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Astrid Stoeppel

Astrid Stoeppel is a minimalist and color field painter, sculptor, and digital artist who has exhibited across Europe and the United States. European countries she has exhibited include Germany, Italy, the United Kingdom, France, Switzerland, and Belgium. Astrid has participated in multiple art fairs in New York City and around the world. Notable art fairs include The Other Art Fair in New York, ART BASEL in Miami, Venice Biennale MUSA-Pavilion, Art Miami, and Art on Paper in New York. She has been featured over 30 times in Saatchi Art collections to date. Notable publications include features in London Street Art Design Magazine, ELLE Magazine, and Arts Illustrated. 

The paintings range from large forms of abstracted patterns to large or small repetitive circles to streaks of linear color. With variation in tone, compositional balance, and application, no two paintings are alike. There remains a mix between muted pastels and overt bright colors. Many of the paintings are quite large and some can fill up entire wall spaces, creating a sense of monumental proportions, having the viewer overwhelmed with fields of color and patterned form. These complex paintings could have a teacher in color theory pulling their hair because of seemingly endless bending and destruction of academic rules regarding color. Astrid pulls off complementary and analogous colors put together in perfect visual conjunction, disregarding conventional theories on color harmony. 

If we compare and contrast two huge paintings such as Large Dot Field! (pictured above) and Wide Colors # 11 (pictured below), we will discover two vastly different approaches which consistently tie into each other regarding relation of negative space to fields of color. Large Dot Field! represents a galaxy of hues executed in an abstracted version of pointillism. Indeed, Georges Seurat would be proud to see the evolution of pointillism converted into an optical illusion which overwhelms a space rather than focusing in on the surface. The large field of dots converge towards the center of the canvas and spatially disperse as edging away from the center rectangular focal point which stretches horizontally. Such a painting reveals the character of how we may interpret relationships between physical space (with the grand size of the painting) with negative space and observations with patterns of color. Wide Colors # 11 in contrast creates minimal negative space and hypnotizes the eye with subtle linear streaks on variation of tone. The mesmerizing painting shows what could be described as harmonic tension. There remains friction within the variation of color divided by strict lines yet held together with the uniformity of pastel overlays. These two grand paintings represent grand design and meditative qualities which can have the viewer overly stimulated on the focal point while relaxed on the use of negative space.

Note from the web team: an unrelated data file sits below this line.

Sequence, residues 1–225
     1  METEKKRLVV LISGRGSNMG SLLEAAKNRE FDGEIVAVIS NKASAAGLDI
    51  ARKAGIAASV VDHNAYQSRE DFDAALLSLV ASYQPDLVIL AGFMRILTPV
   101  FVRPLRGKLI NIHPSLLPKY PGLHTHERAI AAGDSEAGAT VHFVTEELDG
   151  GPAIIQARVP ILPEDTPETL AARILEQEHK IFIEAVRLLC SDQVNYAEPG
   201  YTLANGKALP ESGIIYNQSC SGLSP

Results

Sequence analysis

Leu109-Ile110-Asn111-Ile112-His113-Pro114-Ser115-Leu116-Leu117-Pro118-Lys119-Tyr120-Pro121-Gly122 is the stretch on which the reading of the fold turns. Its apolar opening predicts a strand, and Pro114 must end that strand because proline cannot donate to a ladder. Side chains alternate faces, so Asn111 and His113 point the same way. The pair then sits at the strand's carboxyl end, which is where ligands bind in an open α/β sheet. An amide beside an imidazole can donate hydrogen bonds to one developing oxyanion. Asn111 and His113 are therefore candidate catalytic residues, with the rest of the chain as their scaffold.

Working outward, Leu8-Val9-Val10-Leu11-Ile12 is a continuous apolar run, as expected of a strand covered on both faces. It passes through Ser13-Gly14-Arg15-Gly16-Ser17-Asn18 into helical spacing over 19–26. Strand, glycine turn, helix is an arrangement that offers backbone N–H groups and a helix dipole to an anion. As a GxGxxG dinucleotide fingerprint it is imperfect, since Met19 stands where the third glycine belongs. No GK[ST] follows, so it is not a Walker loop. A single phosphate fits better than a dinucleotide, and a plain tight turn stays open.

Astrid Stoeppel conveys dynamic, rich paintings which could be interpreted as studies in organizing compositional structure with nothing more than pigment. She creates abstracted fields of what could be described as cerebral landscapes of patterns. The viewer can enjoy the complex formation of unity organized by color schematics rather than clear form and perspective. Astrid helps evolve color field and minimalist painting by breaking down the surface into planes of formatted pattern and intricate design. She impresses upon us the urgency to respect painting as a physical property of flatness and vehicle for manipulation of the eye, not in illusions, but rather in harmoniously composed and elegant displays of pure color appreciation.


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